In Liberia, a talented Gola artist is said to be guided by a “neme”, a spiritual mentor appearing to him in dreams. The “neme” may extract a formidable price of behavior restrictions, physical impairments, or even childlessness (the ultimate deprivation in African societies) for his guidance. Evidence of the guidance of the “neme” is observable from early childhood. The Gola draw a sharp distinction between the craftsman, however skilled, and the artist- genius inspired by the “neme”. When a carver is hired by a woman of Sande to carve a mask, she must provide food and other amenities for both him and his “neme” during the entire process. If he feels that insufficient amenities have been made or that he or his spirit have been insulted, he can destroy his work at any time. Domination of the “neme” often produces a restless, irresponsible individual who prefers a private life with his “spirit spouse” to proper familiar ties. As d’Azevedo has pointed out in his detailed study of Gola artistry, this provides the artist a convenient rationale for the avoidance of unwelcome social obligations, insulating him from direct public sanctions. The dream can be accountable for both behavioral deviancy and artistic innovation. The Gola say that “every man has his own way of dreaming”. The special genius is referred to as “he who dreams”.

Although carvers occupy the preeminent place in Gola visual artistry, certain weavers who are considered especially creative and innovative are referred to as dreamers. One craftsman observed by d’Azevedo kept a notebook of complex geometrical patterns transmitted to him in dreams. For the Gola, the exceptional artist is viewed as a passive instrument of his tutelary genius. His arduous apprenticeship and dedicated labors are considered inevitable in a daring entrepreneur who mediates between human and supernatural realms...

p. 249
Many more examples could be cited of the office of dreams in the validation of special professions, roles, or behaviors in traditional and modern African societies. Accepted as authentic messages transmitted from supernatural realms, dream content is interrogated carefully and acted upon. Dreams are believed to be a legitimate demonstration of the unity of profane with sacred and a reliable means of intercourse with a mode of being accessible in everyday life."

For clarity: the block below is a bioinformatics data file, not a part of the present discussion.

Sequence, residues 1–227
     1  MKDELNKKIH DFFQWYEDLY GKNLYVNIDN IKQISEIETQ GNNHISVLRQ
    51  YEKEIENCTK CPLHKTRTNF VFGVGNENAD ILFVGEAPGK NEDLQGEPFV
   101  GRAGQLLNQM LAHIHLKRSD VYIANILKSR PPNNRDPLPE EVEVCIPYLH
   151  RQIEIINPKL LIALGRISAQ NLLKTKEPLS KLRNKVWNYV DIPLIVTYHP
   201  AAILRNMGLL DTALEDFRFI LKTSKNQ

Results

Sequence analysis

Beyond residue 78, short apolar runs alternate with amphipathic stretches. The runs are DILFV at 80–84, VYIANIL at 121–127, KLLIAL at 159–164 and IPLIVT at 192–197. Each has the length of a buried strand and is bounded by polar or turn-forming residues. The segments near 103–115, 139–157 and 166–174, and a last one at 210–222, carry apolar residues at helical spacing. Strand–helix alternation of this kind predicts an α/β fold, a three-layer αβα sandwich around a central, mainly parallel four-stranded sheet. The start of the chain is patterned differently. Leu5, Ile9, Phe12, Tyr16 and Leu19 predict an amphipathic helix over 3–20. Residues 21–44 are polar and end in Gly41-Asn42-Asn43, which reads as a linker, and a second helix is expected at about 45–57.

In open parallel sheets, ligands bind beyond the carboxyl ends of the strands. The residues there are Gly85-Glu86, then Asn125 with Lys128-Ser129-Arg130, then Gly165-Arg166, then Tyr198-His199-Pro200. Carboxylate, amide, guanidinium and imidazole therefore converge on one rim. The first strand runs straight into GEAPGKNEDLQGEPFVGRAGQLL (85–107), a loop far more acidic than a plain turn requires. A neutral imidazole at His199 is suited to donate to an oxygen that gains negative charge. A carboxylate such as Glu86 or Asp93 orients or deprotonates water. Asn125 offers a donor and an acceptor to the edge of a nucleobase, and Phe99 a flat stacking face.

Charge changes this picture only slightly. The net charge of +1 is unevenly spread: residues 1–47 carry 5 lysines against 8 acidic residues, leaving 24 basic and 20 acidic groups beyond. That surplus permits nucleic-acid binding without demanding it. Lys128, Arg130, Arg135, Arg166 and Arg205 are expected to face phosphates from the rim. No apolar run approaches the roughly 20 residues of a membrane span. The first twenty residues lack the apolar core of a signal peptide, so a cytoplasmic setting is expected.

*This author wrote that novelist Camara Laye wrote about his Senegalese childhood. Actually, Laye was born and raised in Guinea and died in Dakar, Senegal. Some information about Camara Laye is given in the Addendum to this post.

Information about the ethnic groups mentioned in this excerpt (given in alphabetical order):
"The Anaang (also spelled Annang) is a cultural and ethnic group that lives in Southeastern Nigeria....

The strength of any individual, family (or group for that matter) is typically based upon a consensus of the village or clan through this complex social system. In all this, Anang women are not completely subordinate to men. Instead Anaang women are partners and leaders in many aspects of Anaang tradition, including serving as female chief priests "Abia Idiong" in the Idiong cult or as healers in the healing cults. The first-born female known as Adiaha is important and commands respect in the family and lineage. Some traditions hold that a woman's first birth should take place in her mothers compound. Women organizations such as "abi-de" and "Nyaama", and "Isong Iban" play important roles in giving the women voice and status in society. There are no traditional or cultural barriers that prevent women from attaining high offices or positions. Indeed, traditionally Anaang women have a great deal of economic independence from men. The society was semi-matriarchal before colonialism. Children bore the names of their mothers and such common names as Essien, Essiet, Ukpong and Umo were female names and became androgynized when the missionaries saw matriarchy as anti-Christian .(Ette,2009). Anaangs value the ability to speak well and oratory ability using proverbs is highly desirable, especially among the leaders. The American anthropologist, Peter Farb, stated that the name "Anaang" among this group means 'they who speak well' An individual who has the gift of eloquent speech is often complimented as Akwo Anaang meaning the "singer of Anaang".[3]"

"The Gio or Dan people is an ethnic group in north-eastern Liberia and in Côte d'Ivoire. There are approximately 350,000 members of the group, united by the Dan language, a Mande language. Neighboring peoples include the Guere, Guro and Mano...